The foundations of accessible design

Integrating accessibility into design involves going above and beyond mere compliance to craft experiences that are genuinely accessible to all. In honour of Global Accessibility Awareness Day, we are shining a light on the importance of accessibility in design, both for a more inclusive user experience and to help drive progress for business, society, and humanity.

The image is a collage of five vertical sections, each depicting different aspects of individuals and their diverse needs. The first section shows a close-up of a smiling woman holding a happy baby. The second section features a child with Down syndrome interacting with a digital device. The third section highlights an elderly person with a hearing aid in their ear. The fourth section presents a close-up of a person's face wearing glasses, focusing on their eye. The fifth section captures a person in a wheelchair from behind, sitting in a park setting.
Stefan Hajek

Bridging automation and human insight

As the world develops an increasing reliance on AI and automation, it can be tempting to relegate accessibility to automated tools – but it has never been more important to recognise the value and necessity humans bring to accessible design. Accessibility tools only detect roughly 25 percent of potential issues. Further, they fall short of the nuanced understanding only human expertise can offer. As a result, when relying too heavily on automated systems, many aspects of design remain inaccessible today despite seeming compliant.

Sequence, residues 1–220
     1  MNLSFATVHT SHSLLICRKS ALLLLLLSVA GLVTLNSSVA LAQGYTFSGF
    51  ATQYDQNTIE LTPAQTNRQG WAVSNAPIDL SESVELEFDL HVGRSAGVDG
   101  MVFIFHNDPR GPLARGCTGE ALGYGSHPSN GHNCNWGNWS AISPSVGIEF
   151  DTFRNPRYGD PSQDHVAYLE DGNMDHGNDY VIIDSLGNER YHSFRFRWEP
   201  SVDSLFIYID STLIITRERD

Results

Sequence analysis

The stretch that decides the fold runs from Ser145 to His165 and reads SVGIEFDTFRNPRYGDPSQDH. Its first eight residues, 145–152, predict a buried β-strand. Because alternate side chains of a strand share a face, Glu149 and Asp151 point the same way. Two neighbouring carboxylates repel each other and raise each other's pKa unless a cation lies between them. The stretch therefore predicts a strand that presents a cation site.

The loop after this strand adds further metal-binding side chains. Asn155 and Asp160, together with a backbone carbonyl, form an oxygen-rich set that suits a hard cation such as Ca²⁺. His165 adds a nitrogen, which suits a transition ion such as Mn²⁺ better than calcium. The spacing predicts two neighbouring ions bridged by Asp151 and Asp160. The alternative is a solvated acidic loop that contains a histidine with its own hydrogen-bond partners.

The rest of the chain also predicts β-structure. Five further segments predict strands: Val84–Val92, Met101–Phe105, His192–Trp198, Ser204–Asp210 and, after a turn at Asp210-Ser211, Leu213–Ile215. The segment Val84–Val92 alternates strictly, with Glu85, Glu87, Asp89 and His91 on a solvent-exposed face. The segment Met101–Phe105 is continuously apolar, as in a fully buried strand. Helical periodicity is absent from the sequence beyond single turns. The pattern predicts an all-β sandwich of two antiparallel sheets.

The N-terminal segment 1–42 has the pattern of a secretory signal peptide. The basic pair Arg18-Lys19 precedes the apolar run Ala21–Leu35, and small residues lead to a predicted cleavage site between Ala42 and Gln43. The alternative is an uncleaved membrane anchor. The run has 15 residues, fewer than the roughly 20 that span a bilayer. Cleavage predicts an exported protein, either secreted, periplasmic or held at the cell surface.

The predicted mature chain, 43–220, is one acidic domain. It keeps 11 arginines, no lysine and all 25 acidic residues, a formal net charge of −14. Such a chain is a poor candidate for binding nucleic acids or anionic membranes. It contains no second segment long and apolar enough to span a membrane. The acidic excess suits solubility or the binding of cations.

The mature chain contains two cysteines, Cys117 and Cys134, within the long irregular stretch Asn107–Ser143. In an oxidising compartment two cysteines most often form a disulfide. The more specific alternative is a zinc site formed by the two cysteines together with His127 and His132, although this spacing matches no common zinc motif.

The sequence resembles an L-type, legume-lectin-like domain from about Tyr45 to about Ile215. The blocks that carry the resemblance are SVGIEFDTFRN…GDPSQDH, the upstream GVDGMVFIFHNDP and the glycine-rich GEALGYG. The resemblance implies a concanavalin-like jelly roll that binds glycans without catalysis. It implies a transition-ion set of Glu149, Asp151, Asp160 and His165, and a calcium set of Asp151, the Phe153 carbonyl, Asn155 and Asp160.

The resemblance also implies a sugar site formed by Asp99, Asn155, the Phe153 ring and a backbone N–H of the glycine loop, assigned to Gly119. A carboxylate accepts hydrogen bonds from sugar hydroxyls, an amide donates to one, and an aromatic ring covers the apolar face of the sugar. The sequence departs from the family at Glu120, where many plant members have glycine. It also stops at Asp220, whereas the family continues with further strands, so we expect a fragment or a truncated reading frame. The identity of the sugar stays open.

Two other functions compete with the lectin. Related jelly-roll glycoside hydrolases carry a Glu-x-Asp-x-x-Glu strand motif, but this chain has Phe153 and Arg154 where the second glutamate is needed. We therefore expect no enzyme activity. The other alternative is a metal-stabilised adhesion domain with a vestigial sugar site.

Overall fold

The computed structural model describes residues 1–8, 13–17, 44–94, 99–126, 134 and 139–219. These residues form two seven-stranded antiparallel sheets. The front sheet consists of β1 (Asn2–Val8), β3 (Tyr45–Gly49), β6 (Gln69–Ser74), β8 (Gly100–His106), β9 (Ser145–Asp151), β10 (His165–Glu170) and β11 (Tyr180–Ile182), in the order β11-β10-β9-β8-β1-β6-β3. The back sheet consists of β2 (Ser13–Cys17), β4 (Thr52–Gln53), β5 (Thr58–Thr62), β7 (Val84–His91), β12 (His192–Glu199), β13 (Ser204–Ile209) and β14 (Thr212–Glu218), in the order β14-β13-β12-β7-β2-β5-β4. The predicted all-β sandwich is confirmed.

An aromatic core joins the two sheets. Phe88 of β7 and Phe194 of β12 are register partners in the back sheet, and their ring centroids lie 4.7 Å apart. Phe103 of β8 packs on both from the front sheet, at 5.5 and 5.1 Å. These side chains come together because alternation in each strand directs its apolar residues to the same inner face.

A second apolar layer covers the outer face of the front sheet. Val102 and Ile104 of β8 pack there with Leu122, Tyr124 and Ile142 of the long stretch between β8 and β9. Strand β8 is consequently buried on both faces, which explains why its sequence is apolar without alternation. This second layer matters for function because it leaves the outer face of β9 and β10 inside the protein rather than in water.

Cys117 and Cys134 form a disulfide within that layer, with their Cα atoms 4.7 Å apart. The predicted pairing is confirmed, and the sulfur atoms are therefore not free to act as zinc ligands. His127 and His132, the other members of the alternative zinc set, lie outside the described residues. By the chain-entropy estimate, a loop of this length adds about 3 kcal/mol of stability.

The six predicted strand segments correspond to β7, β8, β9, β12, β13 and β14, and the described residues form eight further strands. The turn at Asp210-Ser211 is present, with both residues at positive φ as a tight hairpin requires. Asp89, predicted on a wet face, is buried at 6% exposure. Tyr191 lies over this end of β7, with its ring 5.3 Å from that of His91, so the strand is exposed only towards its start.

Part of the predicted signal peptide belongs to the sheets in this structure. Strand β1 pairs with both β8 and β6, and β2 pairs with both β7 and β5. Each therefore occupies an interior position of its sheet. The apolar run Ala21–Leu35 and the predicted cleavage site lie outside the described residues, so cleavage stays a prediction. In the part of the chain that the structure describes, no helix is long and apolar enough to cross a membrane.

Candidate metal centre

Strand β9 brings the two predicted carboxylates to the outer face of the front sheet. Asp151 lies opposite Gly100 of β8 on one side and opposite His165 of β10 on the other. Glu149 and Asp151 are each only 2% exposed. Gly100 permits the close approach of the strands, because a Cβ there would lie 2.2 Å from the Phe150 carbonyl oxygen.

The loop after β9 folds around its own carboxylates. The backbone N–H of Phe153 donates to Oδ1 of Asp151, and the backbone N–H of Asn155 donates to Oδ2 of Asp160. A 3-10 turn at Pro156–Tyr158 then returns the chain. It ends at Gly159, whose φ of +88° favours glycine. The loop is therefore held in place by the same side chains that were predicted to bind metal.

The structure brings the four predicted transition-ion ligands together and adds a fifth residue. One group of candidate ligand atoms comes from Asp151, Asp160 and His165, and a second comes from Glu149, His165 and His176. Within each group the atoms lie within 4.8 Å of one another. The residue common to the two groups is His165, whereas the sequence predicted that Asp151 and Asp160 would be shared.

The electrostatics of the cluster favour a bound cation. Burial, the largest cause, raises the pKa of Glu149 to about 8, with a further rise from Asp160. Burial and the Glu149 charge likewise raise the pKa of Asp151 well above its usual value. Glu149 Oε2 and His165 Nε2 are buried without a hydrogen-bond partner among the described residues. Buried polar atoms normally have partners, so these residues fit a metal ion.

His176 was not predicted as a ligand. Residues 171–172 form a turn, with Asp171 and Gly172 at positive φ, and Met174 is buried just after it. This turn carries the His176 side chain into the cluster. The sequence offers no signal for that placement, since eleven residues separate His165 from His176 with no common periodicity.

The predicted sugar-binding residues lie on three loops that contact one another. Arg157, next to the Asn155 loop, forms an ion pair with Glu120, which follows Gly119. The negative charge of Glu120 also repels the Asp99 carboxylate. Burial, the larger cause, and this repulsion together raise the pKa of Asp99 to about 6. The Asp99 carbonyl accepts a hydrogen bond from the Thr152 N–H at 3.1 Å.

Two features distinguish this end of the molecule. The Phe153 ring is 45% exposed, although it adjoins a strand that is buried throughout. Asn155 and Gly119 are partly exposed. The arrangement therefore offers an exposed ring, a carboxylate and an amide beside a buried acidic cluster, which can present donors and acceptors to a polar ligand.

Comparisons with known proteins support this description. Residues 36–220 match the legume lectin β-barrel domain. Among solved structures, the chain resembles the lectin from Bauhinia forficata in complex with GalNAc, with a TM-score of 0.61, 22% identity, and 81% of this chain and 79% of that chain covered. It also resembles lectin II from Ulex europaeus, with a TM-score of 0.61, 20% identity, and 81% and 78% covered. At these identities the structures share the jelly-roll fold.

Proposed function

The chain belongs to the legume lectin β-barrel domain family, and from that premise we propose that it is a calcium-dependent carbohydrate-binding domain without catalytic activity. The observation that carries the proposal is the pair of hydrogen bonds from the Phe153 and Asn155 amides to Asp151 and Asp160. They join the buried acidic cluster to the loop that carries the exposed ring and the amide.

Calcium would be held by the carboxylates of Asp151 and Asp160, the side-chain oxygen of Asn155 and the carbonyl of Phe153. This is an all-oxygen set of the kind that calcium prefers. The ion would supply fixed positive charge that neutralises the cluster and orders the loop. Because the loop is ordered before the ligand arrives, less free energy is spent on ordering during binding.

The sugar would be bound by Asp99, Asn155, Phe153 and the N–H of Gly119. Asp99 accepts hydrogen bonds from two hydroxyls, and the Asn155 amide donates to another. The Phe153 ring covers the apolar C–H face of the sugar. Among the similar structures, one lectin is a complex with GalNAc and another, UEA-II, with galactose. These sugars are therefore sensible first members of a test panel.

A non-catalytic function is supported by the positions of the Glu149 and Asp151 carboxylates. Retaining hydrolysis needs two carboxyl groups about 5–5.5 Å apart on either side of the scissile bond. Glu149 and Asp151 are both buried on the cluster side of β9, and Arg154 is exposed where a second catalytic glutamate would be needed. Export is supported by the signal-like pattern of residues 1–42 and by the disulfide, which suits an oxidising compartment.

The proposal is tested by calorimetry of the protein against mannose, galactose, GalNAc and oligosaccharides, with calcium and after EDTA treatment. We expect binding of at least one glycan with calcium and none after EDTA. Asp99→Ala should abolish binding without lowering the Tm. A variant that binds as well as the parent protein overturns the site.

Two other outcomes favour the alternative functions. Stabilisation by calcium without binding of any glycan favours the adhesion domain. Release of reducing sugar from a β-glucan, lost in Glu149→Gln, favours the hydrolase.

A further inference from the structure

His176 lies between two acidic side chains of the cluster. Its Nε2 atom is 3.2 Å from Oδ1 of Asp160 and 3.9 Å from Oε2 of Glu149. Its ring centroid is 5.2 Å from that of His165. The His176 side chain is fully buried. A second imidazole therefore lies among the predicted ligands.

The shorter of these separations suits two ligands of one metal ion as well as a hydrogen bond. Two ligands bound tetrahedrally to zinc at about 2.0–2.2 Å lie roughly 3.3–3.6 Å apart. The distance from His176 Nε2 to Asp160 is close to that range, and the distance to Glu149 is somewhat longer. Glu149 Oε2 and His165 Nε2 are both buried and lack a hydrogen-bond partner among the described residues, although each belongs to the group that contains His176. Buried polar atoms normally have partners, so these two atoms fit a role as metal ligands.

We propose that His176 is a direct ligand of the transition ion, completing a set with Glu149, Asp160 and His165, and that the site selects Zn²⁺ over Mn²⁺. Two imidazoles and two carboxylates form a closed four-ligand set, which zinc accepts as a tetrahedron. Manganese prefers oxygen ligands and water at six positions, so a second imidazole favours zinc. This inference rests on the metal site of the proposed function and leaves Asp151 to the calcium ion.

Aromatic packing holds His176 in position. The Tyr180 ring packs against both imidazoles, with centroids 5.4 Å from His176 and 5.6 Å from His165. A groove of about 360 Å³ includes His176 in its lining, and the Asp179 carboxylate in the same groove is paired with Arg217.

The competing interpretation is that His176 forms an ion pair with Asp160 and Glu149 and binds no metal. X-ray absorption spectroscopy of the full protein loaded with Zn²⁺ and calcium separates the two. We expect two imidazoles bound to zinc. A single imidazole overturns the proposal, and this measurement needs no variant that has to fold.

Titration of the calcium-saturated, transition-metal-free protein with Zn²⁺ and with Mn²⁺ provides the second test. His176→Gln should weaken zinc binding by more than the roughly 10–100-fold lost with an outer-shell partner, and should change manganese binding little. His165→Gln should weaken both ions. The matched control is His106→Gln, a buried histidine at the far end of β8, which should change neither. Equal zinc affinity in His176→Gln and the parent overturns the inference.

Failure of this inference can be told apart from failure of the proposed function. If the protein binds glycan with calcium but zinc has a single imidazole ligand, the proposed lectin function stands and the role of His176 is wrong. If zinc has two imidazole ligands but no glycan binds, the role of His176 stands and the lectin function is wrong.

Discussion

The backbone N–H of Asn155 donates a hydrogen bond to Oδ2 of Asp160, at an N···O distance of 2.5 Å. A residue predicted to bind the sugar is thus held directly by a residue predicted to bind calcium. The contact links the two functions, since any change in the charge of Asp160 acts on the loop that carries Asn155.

A few of the many areas where automated tools falter and designers excel include examining the logical flow of content, verifying that alternative text is meaningful, and considering content in the wider context of the full user experience rather than as contained within a page. Educated auditing replaces simple ‘testing’ and adds depth to the accessibility review process.

The value of human stewardship goes beyond filling the gaps left by automation. Designers bring empathy, creativity, and a nuanced understanding of diverse user needs, which automated tools cannot replicate. They also often ensure that accessibility considerations are incorporated into every aspect of the design process rather than being an afterthought.

Foundational steps to foster accessible and inclusive design